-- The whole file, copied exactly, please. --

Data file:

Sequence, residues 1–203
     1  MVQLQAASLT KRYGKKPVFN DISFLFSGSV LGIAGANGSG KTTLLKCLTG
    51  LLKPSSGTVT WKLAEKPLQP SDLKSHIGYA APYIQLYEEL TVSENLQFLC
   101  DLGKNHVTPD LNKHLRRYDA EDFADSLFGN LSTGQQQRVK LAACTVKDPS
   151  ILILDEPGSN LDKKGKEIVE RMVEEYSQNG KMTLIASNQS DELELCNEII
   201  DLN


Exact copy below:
Sequence, residues 1–203
     1  MVQLQAASLT KRYGKKPVFN DISFLFSGSV LGIAGANGSG KTTLLKCLTG
    51  LLKPSSGTVT WKLAEKPLQP SDLKSHIGYA APYIQLYEEL TVSENLQFLC
   101  DLGKNHVTPD LNKHLRRYDA EDFADSLFGN LSTGQQQRVK LAACTVKDPS
   151  ILILDEPGSN LDKKGKEIVE RMVEEYSQNG KMTLIASNQS DELELCNEII
   201  DLN